It was always just a little further on—across the lake—beyond the river—over the mountains —a little further on. There the rain always falls just right; the late frost never comes; the soil is better and deeper than it is here; the crops never fail. The hay land, the plow land and the timber lie alongside in the same quarter section in that country; running water is everywhere; the chinch bug and the cut-worm have never been seen over there; there are no cold winters and cattle eat root-cured hay on the hillsides the year round; the hail and cyclone storms pass by that favored region.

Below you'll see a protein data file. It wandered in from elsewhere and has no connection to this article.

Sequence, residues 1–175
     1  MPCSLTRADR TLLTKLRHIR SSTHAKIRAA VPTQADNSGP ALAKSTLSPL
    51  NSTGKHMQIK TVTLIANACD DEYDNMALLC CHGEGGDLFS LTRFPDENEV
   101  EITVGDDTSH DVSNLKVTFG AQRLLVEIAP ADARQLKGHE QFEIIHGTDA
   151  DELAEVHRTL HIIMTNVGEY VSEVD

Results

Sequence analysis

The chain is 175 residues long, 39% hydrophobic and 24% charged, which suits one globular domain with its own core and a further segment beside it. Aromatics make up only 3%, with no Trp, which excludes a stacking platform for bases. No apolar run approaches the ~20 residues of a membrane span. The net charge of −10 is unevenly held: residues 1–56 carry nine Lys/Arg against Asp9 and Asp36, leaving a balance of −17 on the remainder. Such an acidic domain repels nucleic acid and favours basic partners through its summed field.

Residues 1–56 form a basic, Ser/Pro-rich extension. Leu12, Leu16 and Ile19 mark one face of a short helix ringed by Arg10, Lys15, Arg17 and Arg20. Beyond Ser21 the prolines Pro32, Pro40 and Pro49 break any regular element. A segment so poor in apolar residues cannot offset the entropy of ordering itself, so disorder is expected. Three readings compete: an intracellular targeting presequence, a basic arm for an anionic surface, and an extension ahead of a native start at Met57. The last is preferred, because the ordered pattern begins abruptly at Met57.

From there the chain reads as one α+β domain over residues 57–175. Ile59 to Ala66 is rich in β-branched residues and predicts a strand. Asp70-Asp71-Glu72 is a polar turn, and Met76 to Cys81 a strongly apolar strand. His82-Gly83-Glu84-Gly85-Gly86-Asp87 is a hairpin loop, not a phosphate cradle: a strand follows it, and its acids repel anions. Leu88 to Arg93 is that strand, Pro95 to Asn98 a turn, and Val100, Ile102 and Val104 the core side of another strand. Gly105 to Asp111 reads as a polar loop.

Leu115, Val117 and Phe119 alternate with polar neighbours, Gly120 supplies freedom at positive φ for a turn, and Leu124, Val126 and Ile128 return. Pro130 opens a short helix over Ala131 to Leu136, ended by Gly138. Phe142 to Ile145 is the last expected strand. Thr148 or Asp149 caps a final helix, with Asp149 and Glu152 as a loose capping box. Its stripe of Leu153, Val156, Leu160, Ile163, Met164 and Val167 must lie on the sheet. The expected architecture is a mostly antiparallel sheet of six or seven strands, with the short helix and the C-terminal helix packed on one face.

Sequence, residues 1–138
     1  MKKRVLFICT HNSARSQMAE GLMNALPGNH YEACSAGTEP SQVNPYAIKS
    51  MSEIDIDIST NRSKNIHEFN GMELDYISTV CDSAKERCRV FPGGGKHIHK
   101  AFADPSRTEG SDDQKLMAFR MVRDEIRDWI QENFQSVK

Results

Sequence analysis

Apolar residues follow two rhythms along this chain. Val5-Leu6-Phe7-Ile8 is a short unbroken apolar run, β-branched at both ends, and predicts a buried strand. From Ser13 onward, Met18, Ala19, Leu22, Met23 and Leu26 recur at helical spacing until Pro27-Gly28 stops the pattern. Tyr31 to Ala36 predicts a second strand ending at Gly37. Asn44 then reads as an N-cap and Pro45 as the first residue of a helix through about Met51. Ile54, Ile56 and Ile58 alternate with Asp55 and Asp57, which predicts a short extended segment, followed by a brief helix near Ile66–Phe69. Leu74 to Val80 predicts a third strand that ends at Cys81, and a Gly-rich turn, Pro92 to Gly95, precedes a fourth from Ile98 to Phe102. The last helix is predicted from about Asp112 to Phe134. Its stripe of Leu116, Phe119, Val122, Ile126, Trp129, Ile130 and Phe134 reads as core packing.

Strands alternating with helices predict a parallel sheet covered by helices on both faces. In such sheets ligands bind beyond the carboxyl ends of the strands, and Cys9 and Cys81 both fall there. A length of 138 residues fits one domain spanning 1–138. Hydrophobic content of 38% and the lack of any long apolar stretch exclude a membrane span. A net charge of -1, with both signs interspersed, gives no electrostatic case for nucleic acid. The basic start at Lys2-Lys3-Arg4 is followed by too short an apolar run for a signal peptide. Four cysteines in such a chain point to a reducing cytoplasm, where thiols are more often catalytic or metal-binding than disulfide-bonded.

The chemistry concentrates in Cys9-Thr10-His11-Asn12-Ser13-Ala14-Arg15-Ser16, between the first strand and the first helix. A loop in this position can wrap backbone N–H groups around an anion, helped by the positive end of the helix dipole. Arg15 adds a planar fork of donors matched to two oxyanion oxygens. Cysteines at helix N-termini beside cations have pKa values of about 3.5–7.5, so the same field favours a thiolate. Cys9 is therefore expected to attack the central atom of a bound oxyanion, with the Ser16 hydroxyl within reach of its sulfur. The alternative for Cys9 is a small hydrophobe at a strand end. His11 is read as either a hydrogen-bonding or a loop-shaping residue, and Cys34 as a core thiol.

How many times we have heard of it! Since we left the home of our childhood how many long pulls we have made trying to get to that country! Sometimes we thought we had found it. The country was new, the soil was deep, the wild fruits were so abundant we almost forgot the old orchards; the winter was a reprint of autumn; the early and latter rains fell; never had we seen such potatoes, Georgia never shipped such watermelons, the sod corn that had never known cultivation filled our pole cribs with the abundance of Egypt; the native grass was better than timothy—what wonderful stories we wmte back to the friends at the old home. Don’t we recall even now the inspiration of a new, unsettled country, the strange plants, the queer new settlers from all points of the compass, the novelty and delight there were in rough cabins and soddy gardens? But some way it wouldn’t last. The drouth came. (Strange that drouth never comes the first season a country is settled.) The chinch bug came as though telegraphed for. The potatoes grew small and the sod corn was cut up for fodder. Frost came along early and got away with the sorghum and pumpkins. It snowed that winter, something that hadn’t been heard of for twenty years. The cattle got thin and we lost several cows (about calving time) in the spring. Backsetting was worse than breaking and a horse died. There was a backset indeed. We began to feel as though this wasn’t the country after all. If only that first fortunate season would return. But it didnt. Next year there was a snow storm and freeze-up in May. \Ve had no wil(l plums that fall. There was a light wheat crop and corn was a failure. It was all a mistake. The good country was further on. The man who had “Money to Loan” came along that season. He transacted business with us and we staved another year. There couldn’t be three crop failures in succession. Luck must change if we staved with it. Sure enough there was a good crop that year. It wasn't like the first crop that came without effort. This crop took long clays of unremitting toil to secure. It took machinery. It took a great deal of planning nights. \Ve didn’t go to the Fourth of July that year, and the children felt sore over it for a whole month. \Ve got in the crop and the threshing was done. A load was taken to market. It seemed incredible that grain worth a dollar and a quarter in the spring should go begging at forty cents in the fall. It was that way, however. The railroads charged a big rate to Chicago. India grain was selling in Liverpool at peon prices and American farmers must meet them or quit the business. Perhaps there might be a foreign war. It did seem as though those fellows over in Europe would never get through talking and begin fighting—and they didn’t. The fellow who had our note in the bank did, however. He began a flank movement and the grain went for what it would bring. There wasn’t any money for a new house that fall and the same old overcoat went to town with us all the winter. It was a dead certainty this was not that good country now. It was up in Montana where they irrigated and always had sure crops and high


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